There is also an opportunity for preceptors to connect with residents during the portfolio review, to see how they are doing overall.
Events are planned at both a site and central level with wellness in mind, whether it be allowing for purposeful breaks and lunches, or ensuring there is an opportunity for a fun, social activity to bring the group together.
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There is a separate admission process for IMGs to Family Medicine Residency, which involves CaRMS, assignment to a cohort group, a pre-residency training program and an assessment verification period. See below for more information on each of these steps.
The six Ontario Family Medicine Residency programs jointly run the IMG admissions process via the Canadian Residency Matching Service (CaRMS). Please review the CaRMS website for admission requirements and match timelines.
All IMGs entering Family Medicine Programs in Ontario are required to complete a pre-residency training program (PRP) as a transition to family medicine in Canada. During the PRP, IMGs are treated as fourth-year clinical clerks and have the expectations and responsibilities appropriate for that level. The Pre-Residency Program is divided into two phases:
Pre-Residency Program Phase 1 (PRP1) is organized centrally by Touchstone Institute for all International Medical Graduates commencing Family Medicine Residency Programs in Ontario.
Pre-Residency Program Phase 2 (PRP2) is organized locally for IMGs commencing family medicine at McMaster University by individual teaching sites, with the goal of addressing identified needs of IMGs prior to residency. During this period, participants attend the Academic Half Day at their teaching site.
*Access to a car and ability to drive may be required for pre-residency training as well as throughout residency. Go to the Ontario website for information on how to exchange your out-of-country driver’s licence.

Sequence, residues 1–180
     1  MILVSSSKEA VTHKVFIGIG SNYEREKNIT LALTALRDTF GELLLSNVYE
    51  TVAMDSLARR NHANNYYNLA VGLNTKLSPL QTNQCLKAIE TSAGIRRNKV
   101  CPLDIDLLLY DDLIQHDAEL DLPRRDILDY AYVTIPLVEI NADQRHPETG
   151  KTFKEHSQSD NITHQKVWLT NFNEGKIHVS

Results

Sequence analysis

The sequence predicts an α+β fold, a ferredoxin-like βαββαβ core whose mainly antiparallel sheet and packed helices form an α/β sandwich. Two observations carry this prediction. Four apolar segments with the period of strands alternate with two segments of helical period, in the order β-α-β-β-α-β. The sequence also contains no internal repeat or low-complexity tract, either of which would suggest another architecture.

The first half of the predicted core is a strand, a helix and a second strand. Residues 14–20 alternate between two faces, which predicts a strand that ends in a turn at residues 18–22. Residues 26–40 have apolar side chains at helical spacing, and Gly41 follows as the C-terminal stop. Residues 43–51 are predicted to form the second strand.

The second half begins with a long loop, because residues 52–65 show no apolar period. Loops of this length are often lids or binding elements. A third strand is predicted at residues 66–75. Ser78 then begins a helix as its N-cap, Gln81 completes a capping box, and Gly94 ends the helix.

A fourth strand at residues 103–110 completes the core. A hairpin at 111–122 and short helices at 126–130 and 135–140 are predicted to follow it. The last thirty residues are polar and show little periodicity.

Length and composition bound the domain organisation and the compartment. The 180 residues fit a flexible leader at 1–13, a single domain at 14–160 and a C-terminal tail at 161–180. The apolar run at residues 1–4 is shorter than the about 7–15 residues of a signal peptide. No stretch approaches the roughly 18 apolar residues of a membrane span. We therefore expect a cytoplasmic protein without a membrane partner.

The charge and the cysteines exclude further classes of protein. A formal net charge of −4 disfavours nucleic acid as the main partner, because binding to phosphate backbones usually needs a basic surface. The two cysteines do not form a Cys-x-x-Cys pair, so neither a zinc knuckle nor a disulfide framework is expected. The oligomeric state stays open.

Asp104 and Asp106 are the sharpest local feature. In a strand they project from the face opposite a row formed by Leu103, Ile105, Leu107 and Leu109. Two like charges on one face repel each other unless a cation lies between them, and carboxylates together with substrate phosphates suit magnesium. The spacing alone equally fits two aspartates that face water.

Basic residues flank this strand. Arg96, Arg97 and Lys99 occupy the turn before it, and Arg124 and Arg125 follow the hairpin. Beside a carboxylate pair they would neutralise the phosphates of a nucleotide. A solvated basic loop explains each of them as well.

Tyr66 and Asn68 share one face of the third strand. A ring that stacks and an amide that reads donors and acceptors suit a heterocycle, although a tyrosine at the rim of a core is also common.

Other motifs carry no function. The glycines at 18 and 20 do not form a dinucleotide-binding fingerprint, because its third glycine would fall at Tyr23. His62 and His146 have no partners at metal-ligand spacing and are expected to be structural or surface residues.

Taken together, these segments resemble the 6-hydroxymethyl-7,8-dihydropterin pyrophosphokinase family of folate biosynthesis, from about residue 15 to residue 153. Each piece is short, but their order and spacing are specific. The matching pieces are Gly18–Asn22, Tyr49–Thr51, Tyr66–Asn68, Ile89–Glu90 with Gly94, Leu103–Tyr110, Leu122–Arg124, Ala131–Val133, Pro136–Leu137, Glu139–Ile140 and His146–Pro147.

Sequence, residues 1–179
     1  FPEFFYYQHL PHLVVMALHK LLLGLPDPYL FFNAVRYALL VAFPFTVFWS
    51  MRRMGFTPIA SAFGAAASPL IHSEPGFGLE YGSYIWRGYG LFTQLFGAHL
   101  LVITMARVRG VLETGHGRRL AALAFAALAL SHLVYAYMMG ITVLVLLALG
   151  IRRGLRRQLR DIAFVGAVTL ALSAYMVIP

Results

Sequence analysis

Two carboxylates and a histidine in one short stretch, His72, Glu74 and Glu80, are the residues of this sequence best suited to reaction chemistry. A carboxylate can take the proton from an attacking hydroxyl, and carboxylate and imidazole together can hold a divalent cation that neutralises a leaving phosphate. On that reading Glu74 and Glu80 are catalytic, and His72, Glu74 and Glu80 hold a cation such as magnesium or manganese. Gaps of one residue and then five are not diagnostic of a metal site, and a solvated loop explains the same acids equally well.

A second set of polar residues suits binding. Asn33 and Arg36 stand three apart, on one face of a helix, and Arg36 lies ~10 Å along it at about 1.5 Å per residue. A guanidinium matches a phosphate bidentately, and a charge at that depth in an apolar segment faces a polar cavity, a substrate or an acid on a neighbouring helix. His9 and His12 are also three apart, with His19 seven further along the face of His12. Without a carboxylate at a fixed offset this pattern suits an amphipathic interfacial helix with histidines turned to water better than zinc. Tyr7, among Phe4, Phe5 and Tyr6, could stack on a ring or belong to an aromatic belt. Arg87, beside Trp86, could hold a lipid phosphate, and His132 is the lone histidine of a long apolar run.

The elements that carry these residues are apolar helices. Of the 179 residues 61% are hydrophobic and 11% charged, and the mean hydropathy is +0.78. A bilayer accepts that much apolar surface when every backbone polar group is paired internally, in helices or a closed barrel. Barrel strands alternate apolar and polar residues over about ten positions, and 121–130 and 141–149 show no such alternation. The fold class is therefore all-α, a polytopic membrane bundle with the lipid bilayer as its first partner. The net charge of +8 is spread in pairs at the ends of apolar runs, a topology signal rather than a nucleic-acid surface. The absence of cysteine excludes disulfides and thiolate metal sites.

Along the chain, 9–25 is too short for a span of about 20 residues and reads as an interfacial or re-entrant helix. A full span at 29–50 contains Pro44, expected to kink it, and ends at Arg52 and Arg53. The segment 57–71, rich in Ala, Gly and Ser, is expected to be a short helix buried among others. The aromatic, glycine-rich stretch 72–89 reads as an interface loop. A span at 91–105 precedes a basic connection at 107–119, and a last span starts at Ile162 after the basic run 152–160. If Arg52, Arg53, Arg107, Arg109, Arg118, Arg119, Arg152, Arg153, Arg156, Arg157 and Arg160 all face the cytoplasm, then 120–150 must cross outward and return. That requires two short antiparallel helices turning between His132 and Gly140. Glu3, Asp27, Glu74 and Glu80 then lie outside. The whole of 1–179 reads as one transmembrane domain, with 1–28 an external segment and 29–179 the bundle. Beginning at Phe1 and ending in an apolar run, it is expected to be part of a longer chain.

In addition to helping IMGs transition to family medicine in Canada, the PRP also prepares IMGs for a successful evaluation in the mandatory Assessment Verification Period.
The College of Physicians and Surgeons of Ontario (CPSO) requires all International Medical Students to complete a 12-week Assessment Verification Process (AVP) following the Pre-Residency Training Program. IMGs must successfully complete the AVP in order to receive a postgraduate educational license to practice medicine in Canada and start residency training.
Our Enhanced Skills Program offers a wide range of options that give residents the benefit of additional experiences as they prepare for their future practices. Interested residents in their second year will apply to either Category 1 or Category 2 – Self-Designed programs based on their career intentions.
Category 1 programs are those designated by the CFPC as programs leading to a Certificate of Added Competence. The majority of these programs are offered in Hamilton (FPA excepted), but many offer training opportunities in other urban settings and/or rural/regional contexts.
Category 2 – Self-Designed programs are intended for learners to gain additional experiences in research and scholarship or an individual area of interest, or to enhance skills designed to fill the needs of a rural/regional community. Self-Designed and Category 2 programs do not lead to a Certificate of Added Competence at completion.
The department is committed to promoting flexible Enhanced Skills training options that provide community-in-need focus and allow FM graduates to pursue specialized practice opportunities in rural, remote and regional settings.
We have positions in the Rural/Regional Self-Designed PGY3 program available, starting July 1, 2024. The positions are open to current R2s who will be completing training before the end of the December 2024.
Applications are due February 29, 2024.
To learn more about this Enhanced Skills opportunity please contact email@example.com or visit our Enhanced Skills – Rural/Regional Self-Designed program page.
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Click the name of each program for full details.
|CERTIFICATE OF ADDED COMPETENCE
|PRIMARY PRACTICE SETTING
|Care of Elderly
|Four 12-Month Positions
|Sports and Exercise Medicine (SEM)
|Ten 12-Month Positions
(nine MOH funded and one Return of Service funded)
|Brampton/Osler Return of Service (1)
|Family Practice Anesthesia (FPA)
|Two 12-Month Positions
|3-6 Months (6 to 8 positions)
|Research & Scholarship
|Family Medicine Obstetrics
|Two Six-Month Positions
The department can offer the rural/regional placements through its partnerships with the Rural Ontario Medical Program (ROMP) and Mac-CARE. For further information on Rural/Regional program experiences offered, please see our rural/regional information page.